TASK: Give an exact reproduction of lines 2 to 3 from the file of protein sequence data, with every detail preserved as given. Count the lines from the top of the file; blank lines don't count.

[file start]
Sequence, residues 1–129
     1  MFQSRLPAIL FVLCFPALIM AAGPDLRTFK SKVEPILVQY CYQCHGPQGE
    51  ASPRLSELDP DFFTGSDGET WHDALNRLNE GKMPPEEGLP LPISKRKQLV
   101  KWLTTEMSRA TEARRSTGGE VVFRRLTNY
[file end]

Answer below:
     1  MFQSRLPAIL FVLCFPALIM AAGPDLRTFK SKVEPILVQY CYQCHGPQGE
    51  ASPRLSELDP DFFTGSDGET WHDALNRLNE GKMPPEEGLP LPISKRKQLV